* Around 25 percent of NYC customers without power
* Some of city's toniest neighborhoods in the dark
* Explosion at Con Edison Manhattan power station
By David Sheppard and Scott DiSavino
NEW YORK, Oct 30 Residents of lower Manhattan
faced up to four days without power on Tuesday as Consolidated
Edison, New York City's power provider, scrambled to
repair the damage wrought by Hurricane Sandy.
Almost every street below Times Square in the city's Midtown
district was plunged into darkness on Monday night after an
explosion at a Con Edison power station on 14th Street threw the
electricity provider's plans for controlled shutdowns into
The prolonged blackout in the most populous and wealthiest of
New York City's five boroughs is in stark contrast to last
year's Hurricane Irene, when the island of Manhattan was largely
spared the power cuts that hit the surrounding region.
Almost 250,000 homes and businesses on Manhattan were
without power as of 2pm EDT on Tuesday, Con Ed said, more than
the total outages in Brooklyn, Queens and the Bronx combined.
The vast majority of those were below 39th Street in Midtown.
The figures cover buildings rather than individuals, meaning
the total number of people affected will be far higher.
"This is the largest storm-related outage in our history,"
said Sara Banda, a spokeswoman for Con Edison.
"We try to restore lines that will get power to the most
customers possible, but it will depend on the equipment."
Con Edison said it estimated customers served by underground
electric equipment, like in Manhattan, should have power back
within four days.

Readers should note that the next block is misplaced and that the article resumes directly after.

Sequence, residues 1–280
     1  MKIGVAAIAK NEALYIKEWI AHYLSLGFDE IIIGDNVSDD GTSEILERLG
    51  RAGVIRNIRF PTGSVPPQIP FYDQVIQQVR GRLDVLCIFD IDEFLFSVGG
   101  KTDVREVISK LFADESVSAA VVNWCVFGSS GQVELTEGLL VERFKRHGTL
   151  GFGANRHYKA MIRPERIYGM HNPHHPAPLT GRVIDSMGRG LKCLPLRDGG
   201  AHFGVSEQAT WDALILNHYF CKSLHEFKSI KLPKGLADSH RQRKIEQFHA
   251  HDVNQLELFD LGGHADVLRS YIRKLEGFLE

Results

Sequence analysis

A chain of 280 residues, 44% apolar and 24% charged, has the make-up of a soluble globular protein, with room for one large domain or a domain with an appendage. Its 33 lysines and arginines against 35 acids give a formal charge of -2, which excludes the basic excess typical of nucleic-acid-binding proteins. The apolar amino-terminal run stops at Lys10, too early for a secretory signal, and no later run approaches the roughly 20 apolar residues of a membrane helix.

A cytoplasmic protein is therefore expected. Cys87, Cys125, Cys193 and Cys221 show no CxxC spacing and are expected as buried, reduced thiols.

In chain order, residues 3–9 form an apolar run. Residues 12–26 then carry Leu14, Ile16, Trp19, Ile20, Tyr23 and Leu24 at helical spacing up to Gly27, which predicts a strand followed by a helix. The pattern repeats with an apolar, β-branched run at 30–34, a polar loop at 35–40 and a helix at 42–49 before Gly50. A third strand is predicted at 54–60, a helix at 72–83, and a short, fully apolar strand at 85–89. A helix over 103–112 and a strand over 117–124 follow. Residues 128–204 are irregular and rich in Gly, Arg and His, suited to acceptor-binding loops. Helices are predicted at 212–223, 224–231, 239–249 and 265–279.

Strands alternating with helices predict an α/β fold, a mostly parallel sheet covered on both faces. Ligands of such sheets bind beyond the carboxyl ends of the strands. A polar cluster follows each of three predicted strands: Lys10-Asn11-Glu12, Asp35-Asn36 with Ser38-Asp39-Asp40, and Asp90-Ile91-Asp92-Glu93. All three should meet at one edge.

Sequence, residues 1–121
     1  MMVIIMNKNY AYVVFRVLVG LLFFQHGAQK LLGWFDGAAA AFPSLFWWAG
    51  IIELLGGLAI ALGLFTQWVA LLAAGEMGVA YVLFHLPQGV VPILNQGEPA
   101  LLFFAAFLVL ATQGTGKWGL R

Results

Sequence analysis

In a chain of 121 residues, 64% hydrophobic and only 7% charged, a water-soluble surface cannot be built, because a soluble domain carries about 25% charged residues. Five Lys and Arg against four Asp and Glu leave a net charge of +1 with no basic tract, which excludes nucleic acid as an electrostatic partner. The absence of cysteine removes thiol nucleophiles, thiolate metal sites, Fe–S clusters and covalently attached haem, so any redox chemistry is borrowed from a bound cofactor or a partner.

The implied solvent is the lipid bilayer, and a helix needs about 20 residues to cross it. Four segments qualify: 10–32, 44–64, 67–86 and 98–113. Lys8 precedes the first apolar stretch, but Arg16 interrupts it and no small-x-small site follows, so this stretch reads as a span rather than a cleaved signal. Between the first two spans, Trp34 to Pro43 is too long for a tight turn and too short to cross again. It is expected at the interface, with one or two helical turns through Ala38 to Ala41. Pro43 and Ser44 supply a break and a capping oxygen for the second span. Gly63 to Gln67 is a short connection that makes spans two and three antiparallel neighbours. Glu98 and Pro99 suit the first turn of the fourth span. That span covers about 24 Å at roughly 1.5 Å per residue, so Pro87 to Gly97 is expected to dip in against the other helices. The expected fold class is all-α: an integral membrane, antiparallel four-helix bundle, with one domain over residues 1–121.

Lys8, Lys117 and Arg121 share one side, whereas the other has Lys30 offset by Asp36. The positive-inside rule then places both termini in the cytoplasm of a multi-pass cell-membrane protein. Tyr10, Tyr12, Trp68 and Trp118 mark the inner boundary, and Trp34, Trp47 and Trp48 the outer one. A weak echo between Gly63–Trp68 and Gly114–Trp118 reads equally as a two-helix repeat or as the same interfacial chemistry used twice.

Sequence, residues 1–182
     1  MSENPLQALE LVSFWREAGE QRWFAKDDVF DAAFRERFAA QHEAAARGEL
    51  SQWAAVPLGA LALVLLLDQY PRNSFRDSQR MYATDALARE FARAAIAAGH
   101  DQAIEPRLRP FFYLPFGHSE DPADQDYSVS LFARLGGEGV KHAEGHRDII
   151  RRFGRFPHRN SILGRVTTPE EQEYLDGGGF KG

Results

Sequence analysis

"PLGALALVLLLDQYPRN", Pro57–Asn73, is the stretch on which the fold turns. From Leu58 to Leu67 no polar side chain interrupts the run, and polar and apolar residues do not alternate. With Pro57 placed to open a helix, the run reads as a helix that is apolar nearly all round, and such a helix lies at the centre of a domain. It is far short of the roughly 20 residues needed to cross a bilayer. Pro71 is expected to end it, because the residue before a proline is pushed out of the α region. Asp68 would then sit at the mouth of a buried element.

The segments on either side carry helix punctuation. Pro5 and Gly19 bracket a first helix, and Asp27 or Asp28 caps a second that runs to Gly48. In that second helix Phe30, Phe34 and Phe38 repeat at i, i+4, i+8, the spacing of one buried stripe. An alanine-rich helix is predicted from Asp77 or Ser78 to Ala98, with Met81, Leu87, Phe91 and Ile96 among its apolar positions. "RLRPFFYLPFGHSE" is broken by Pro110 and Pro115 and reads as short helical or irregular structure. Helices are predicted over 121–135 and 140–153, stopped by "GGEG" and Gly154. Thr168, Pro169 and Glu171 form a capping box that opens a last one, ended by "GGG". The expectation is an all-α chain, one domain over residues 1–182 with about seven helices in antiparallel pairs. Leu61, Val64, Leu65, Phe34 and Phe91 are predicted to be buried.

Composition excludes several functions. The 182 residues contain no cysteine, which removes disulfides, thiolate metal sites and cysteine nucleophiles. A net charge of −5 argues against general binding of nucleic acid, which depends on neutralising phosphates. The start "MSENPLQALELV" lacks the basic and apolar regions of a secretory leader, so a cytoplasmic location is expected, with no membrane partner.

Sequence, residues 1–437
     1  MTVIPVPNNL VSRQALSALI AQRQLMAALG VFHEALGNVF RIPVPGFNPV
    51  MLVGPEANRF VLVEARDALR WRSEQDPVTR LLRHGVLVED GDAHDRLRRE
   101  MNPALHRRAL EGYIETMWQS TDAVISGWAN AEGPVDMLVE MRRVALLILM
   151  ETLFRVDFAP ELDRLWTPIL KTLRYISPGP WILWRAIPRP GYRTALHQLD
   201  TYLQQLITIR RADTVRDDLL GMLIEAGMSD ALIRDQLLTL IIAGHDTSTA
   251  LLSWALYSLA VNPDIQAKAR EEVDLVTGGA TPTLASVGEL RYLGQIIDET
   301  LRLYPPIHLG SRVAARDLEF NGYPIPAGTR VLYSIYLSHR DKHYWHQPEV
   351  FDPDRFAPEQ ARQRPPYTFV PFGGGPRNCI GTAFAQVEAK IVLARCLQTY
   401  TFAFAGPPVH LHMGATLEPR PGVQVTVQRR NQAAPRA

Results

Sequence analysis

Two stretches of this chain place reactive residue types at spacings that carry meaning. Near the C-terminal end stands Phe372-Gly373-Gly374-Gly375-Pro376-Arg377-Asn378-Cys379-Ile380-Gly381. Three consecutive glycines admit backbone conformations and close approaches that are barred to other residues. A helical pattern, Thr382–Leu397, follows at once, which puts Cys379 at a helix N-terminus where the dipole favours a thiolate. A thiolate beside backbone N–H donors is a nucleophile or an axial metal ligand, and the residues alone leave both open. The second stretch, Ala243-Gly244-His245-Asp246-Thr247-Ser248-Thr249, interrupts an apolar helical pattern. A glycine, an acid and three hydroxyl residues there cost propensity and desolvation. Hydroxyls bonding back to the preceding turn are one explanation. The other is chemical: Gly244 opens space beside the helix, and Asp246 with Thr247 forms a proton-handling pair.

Banda said customers affected by the explosion at the East
River power station should be among those. Some customers may
see power restored sooner, but on Tuesday Con Edison appeared
keen to manage expectations.
It was not clear if the explosion was caused by the near-14
foot (4.2 meter) storm surge or by something else.
Remarkably, no one was injured in the huge explosion that
was captured on video by residents of Brooklyn and put on
Customers served by overhead power lines could be without
power for at least a week, Con Edison said.
In total, around a quarter of New York City's buildings are
without power as of Tuesday afternoon.
THE NEW BLACKOUT
The area below Times Square, includes some of Manhattan's
trendiest -- and wealthiest -- neighborhoods.
In areas like Tribeca, Chelsea and Gramercy Park that are
popular with celebrities, the fashion world, hedge fund managers
and media figures, two bedroom apartments routinely rent for
more than $6,000 a month according to New York City rental
website nakedapartments.com. That is more than $5,000 above the
average monthly rent across the nation.
Beyond the power cuts, damage was relatively limited around
the West Village. Some scaffolding had fallen down in the area
and maintenance men were in the process of cleaning up.
On Tuesday afternoon, Hudson River Park from Houston Street
to 14th Street, people were trying to get back to normal. The
park was filled with hand-holding couples, joggers and owners of
high-maintenance pets. Many people looked like they were
enjoying an unexpected day off.
Outages on Manhattan outstripped the 180,000 in the
the suburbs of Westchester County to the north of the city,
where overhead power lines normally mean it is more exposed to
storms than the island's largely subterranean electricity
A further 109,000 homes and businesses in Staten Island were
without power, Con Edison said. Across the Hudson River, almost
two-thirds of New Jersey's residents were enduring black outs,
according to the Department of Energy.
In total, over 8.2 million homes and businesses lost power
in the United States because of Sandy, the DOE said. The
blackouts stretched from North Carolina to the Canadian border
and as far inland as Ohio and Indiana.
In seven states, including Pennsylvania and Connecticut, 20
percent or more of all customers were without power.